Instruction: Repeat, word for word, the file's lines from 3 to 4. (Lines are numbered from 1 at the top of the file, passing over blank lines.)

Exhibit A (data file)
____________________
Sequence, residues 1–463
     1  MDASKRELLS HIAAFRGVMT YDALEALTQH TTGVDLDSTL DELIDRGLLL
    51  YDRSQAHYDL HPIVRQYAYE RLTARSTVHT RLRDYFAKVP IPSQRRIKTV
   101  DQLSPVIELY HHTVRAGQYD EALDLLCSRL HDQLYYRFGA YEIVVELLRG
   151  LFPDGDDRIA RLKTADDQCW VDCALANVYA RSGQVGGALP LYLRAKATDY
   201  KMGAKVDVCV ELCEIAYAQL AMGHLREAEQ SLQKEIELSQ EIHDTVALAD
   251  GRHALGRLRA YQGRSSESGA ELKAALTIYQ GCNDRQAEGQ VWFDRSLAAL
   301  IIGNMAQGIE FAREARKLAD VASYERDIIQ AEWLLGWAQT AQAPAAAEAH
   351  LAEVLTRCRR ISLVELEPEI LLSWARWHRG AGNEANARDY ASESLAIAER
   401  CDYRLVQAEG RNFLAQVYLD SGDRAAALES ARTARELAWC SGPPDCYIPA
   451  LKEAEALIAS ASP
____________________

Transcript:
    51  YDRSQAHYDL HPIVRQYAYE RLTARSTVHT RLRDYFAKVP IPSQRRIKTV
   101  DQLSPVIELY HHTVRAGQYD EALDLLCSRL HDQLYYRFGA YEIVVELLRG